An article prepared by Tecnalia (Partner of the LAW-GAME Consortium)

Emotion detection in the LAW-GAME training process

Emotion detection is the process of recognizing, interpreting, and responding to the emotions of others. Emotion detection is a rapidly evolving subfield of Artificial Intelligence (AI) and Machine Learning (ML) that has the potential to revolutionize the way we train people. Human emotions are detected from different sources, such as body language, facial expressions, psychophysiological signals and even tone of voice.

What are the benefits of emotion detection in the LAW-GAME training process?

By tracking the emotional state of the trainees, trainers can get a better understanding of how the participants respond to the material and their overall level of engagement. This data can then be used to adjust the pace of the program or develop more effective training materials to better fit the emotional state of the participants as needed to ensure the best learning environment for everyone involved. This can help to reduce stress and anxiety, allowing the trainees to stay focused and engaged in the material. For example, if the AI detects that a learner is feeling overwhelmed, the trainer can adjust the material to better suit their needs. This could involve slowing down the pace of the lesson or providing additional support. On the other hand, if the AI detects that a learner is feeling bored, the trainer can adjust the material to make it more engaging.

Emotion detection can also provide feedback to the trainer about their own behaviour.

For example, if the AI detects that a trainer is displaying negative body language, the trainer can adjust their behaviour to be more positive. This can help create a more positive learning environment and improve the overall training experience.

Apart from the two benefits mentioned before, emotion recognition can also be used to assess the effectiveness of the training and to help identify areas of improvement in the training process.

How are we detecting emotion in the LAW-GAME project?

In the context of LAW-GAME goals, there is little research done about the influence of emotion in forensic settings. For example, Sambrano et al. (2021)[1] conducted a set of experiments on an interrogation scenario, where the participants had to read a scenario where a suspect was arrested and rated: i) the suspect’s guilt, and ii) the extent to which they would use several tactics to interview the suspect. The results were consistent with the feelings‐as‐information and cognitive‐appraisal theories of emotion (e.g., angry or happy participants would be more inclined to judge the suspect as guilty (judgement), while sad participants would show a stronger tendency to select benevolent interrogation tactics). That is why in LAWGAME we consider that integrating emotion status of the trainee into the metrics used for training assessment can help to understand better the trainee’s evolution (related to judgment, decision making, and information‐processing).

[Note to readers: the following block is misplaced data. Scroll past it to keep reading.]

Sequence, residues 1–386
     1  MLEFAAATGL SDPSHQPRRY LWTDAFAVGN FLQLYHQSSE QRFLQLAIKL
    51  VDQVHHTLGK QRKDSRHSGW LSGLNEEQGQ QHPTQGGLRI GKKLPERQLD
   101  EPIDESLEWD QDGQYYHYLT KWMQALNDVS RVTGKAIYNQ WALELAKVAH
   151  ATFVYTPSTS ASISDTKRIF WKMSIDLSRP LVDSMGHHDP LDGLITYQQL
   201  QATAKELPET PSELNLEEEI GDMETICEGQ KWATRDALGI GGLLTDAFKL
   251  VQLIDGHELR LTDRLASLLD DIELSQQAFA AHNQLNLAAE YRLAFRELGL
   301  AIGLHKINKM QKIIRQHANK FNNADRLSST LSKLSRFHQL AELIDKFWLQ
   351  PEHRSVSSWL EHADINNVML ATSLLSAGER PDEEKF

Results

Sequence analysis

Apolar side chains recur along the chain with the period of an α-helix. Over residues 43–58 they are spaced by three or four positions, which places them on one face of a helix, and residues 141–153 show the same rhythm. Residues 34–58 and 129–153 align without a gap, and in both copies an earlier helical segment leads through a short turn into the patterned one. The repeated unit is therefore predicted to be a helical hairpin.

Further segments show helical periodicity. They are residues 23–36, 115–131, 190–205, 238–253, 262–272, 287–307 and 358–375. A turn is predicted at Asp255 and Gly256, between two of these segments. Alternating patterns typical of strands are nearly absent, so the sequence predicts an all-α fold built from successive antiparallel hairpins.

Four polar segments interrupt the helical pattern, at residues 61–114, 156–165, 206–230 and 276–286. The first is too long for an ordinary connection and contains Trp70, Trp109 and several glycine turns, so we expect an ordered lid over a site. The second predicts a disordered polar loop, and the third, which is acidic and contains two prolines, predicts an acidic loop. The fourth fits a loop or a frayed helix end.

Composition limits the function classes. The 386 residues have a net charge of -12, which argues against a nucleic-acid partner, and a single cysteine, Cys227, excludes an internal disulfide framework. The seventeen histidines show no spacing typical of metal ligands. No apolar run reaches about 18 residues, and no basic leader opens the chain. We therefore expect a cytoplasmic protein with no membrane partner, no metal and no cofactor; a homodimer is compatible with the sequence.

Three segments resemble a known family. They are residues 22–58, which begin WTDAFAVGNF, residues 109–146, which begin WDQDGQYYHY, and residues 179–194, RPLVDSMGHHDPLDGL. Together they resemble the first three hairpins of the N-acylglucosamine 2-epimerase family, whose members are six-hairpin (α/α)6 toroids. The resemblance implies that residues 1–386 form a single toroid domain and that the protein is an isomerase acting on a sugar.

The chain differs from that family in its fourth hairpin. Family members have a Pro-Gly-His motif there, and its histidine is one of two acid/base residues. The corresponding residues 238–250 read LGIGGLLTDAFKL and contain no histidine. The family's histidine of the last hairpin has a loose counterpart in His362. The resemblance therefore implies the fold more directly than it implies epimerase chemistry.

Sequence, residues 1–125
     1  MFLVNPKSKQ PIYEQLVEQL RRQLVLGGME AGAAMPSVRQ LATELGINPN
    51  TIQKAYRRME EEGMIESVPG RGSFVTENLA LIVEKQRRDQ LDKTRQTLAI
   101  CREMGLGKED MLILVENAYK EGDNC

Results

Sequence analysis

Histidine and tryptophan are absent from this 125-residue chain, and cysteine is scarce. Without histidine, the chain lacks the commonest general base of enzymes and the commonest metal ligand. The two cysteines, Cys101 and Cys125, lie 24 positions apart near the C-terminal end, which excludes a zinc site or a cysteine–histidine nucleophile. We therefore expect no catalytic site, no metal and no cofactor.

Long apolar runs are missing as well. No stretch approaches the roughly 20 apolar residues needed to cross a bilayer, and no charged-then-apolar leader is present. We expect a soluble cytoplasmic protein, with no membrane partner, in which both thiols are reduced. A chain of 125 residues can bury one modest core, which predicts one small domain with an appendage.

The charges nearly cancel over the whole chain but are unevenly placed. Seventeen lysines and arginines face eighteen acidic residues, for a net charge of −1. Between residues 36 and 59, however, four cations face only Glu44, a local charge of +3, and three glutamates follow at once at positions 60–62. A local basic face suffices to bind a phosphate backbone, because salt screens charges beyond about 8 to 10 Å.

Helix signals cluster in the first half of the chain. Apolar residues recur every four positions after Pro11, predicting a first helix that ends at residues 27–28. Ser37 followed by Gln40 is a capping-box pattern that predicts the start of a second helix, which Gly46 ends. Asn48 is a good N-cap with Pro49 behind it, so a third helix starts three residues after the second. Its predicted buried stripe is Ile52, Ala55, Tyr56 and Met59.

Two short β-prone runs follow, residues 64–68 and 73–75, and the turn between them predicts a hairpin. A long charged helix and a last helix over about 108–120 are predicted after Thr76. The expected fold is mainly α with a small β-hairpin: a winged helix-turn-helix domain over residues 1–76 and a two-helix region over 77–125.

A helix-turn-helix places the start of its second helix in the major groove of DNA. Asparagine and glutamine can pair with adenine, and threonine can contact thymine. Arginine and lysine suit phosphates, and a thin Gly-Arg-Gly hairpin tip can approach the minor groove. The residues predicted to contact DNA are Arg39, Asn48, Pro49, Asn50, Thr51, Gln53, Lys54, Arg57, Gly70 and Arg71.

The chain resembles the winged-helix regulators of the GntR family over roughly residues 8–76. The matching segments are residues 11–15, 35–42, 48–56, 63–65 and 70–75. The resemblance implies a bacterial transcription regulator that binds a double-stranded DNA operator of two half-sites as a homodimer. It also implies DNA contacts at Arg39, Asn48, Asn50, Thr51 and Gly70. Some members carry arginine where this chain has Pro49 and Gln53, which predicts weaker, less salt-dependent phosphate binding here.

In LAW-GAME project, a series of training games are being developed. Specifically, the partners involved (TECNALIA, AiDEAS and University of Malta) will focus in detecting trainee emotions in a Virtual Reality interrogation scenario. Related to emotion identification, eight different emotions will be considered (joy, trust, fear, surprise, sadness, anticipation, anger and disgust).

Currently, we have performed an experiment measuring participants’ brain, cardiovascular and electrodermal activities with different devices, along with video recordings to analyse the body pose. This information will help to infer the relationship among emotions, psychophysiological signals and human stance, and in this way, gaining a more holistic understanding of their emotional state.

A sample of experiment organization for data capture is provided below:

Participants in experiments for data capture

Conclusions and further work in LAW-GAME project

Overall, emotion detection can be a valuable tool in the training process. By tracking the emotional state of trainees, trainers can adjust the program to fit the needs of the participants and ensure the best learning environment. By responding quickly to any questions or comments that arise, trainers can also provide more comprehensive and helpful feedback. Ultimately, the use of emotion detection can help to create a more successful training program for everyone involved, providing an accurate training assessment based in emotion detection.

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LAW-GAME has received funding from the European Union’s Horizon 2020 research and innovation programme under grant agreement No 101021714.


[1] Sambrano, Deshawn & Masip, Jaume & Blandon-Gitlin, Iris. (2021). How emotions affect judgement and decision making in an interrogation scenario. Legal and Criminological Psychology. 26. 62-82. 10.1111/lcrp.12181.